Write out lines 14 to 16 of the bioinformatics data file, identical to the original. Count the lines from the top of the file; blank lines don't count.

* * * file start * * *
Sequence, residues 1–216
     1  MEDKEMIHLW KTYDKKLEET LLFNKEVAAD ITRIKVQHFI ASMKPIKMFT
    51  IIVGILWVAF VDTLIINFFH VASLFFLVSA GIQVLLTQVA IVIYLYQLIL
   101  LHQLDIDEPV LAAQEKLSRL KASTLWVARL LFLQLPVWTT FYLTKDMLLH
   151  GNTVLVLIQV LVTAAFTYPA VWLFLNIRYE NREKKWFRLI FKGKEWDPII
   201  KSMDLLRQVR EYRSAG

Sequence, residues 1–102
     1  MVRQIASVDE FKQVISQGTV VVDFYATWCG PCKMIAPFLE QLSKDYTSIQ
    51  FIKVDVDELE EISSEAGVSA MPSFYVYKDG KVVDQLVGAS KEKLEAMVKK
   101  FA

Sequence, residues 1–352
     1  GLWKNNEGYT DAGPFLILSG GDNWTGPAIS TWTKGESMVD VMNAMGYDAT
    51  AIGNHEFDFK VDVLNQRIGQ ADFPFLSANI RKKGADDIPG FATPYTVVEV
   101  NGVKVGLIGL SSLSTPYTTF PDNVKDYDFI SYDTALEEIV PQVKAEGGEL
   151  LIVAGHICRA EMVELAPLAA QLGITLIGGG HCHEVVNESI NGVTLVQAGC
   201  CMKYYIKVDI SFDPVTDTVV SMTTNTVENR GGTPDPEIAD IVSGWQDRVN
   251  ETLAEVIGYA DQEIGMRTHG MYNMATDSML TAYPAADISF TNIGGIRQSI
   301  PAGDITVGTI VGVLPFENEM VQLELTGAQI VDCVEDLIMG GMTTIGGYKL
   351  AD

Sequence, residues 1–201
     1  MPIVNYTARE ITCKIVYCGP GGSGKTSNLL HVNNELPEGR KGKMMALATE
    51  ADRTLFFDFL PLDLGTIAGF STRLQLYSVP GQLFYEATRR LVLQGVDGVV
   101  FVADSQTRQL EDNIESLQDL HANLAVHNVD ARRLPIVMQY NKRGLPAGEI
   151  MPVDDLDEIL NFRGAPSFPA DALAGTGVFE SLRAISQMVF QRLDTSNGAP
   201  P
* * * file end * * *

   101  NGVKVGLIGL SSLSTPYTTF PDNVKDYDFI SYDTALEEIV PQVKAEGGEL
   151  LIVAGHICRA EMVELAPLAA QLGITLIGGG HCHEVVNESI NGVTLVQAGC
   201  CMKYYIKVDI SFDPVTDTVV SMTTNTVENR GGTPDPEIAD IVSGWQDRVN